We listened to a single track twice - "Carrickfergus", a ballad that featured a single female vocal accompanied at first only by harp with strings entering half-way through. We listened carefully, preparing for the comparison. Linda left the room, not knowing what I was about to change. I hadn't mentioned the disc at all. When she came back in, the lights were still out and she had no idea what change had been made.
We played the same track again, this time with the CD mat. I played asked her if she had heard any difference. She replied, Ohhhh yeah. BIG difference. Everything was bigger, wider and deeper, more spread out. The harp had so much more detail...I could hear her fingernails on the harp strings. Her voice was much more pure and emerged more from the background. Much more dimensional. The strings were less strident and more silky. I can't believe the sound was that much better!"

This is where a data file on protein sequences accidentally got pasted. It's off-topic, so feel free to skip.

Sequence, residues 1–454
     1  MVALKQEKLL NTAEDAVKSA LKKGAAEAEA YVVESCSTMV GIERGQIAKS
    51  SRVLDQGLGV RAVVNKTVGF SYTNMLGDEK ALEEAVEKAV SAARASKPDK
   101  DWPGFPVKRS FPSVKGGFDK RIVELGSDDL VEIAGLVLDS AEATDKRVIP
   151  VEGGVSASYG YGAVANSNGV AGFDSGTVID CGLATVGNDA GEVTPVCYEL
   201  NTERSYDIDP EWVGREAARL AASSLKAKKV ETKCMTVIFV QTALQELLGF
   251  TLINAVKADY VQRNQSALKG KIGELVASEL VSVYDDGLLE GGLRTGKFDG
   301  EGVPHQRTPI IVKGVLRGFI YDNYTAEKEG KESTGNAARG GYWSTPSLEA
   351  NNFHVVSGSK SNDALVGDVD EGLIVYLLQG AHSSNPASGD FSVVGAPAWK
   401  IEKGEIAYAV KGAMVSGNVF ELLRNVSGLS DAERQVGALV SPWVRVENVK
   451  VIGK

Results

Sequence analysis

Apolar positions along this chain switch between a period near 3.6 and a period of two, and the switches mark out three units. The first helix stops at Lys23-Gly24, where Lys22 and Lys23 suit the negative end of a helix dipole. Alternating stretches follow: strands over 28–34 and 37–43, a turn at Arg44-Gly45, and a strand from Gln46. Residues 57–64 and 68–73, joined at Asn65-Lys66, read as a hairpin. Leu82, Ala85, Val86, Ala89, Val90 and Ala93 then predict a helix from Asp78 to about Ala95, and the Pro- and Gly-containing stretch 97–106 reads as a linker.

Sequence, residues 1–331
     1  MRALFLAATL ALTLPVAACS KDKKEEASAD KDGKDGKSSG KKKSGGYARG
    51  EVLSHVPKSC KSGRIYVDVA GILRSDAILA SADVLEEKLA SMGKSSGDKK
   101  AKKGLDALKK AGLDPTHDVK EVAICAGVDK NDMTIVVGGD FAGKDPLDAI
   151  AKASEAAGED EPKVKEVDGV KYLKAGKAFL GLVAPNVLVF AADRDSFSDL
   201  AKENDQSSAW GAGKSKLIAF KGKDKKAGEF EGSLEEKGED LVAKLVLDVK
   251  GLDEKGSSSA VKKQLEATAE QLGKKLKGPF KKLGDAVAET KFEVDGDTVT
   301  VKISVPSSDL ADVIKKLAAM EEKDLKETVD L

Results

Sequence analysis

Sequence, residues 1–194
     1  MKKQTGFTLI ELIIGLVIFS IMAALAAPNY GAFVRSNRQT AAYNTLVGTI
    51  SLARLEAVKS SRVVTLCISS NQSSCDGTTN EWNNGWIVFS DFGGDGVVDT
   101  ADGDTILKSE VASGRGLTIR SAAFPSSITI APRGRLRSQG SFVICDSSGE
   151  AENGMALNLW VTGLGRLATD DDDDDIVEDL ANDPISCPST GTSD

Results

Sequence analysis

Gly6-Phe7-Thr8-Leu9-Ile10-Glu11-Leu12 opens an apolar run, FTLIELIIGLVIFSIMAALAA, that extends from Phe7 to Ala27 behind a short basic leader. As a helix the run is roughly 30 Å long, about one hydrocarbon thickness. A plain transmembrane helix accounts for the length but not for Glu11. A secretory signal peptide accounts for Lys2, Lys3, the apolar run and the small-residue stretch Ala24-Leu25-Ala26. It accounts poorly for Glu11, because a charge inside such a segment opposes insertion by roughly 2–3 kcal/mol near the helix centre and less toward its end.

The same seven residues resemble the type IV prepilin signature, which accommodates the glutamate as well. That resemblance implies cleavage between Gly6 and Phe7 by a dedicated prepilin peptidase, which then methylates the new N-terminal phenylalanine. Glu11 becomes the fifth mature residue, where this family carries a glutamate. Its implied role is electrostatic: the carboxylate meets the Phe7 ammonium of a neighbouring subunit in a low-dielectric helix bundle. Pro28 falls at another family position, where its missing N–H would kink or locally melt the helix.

"OK, I'll show you what was different". I turned up the lights and walked over to the player, opened the drawer and showed her the Millennium disc. She kind of frowned and asked, "What's that?". I reminded her of our visit to your room in Denver and the package you had given us. She said, "That's IT? That was the only change?"
"That's unbelievable! That little thing made THAT much difference? I thought you had put in a whole difference amp or something. That's IT?"
Brian, as usual, I had heard exactly the same thing, except I had noticed that the bass was also much firmer and detailed. The difference was not at all subtle and I was stunned by the improvement. We listened to the whole CD again and then a couple of more, amazed at how much more lifelike and musical the sound was. We even listened to the Stereomojo Evaluation CD and marveled at what we heard. We stayed up till about midnight. CD discs all sounded much less digital and much more like the finest analog.
All I can tell you is that I will never play a CD again without the Millennium CD mat. It's that good”.
What I was using at the time was an Oppo DV 980H strictly as a transport going into a very fine Xindak tube upsampling DAC.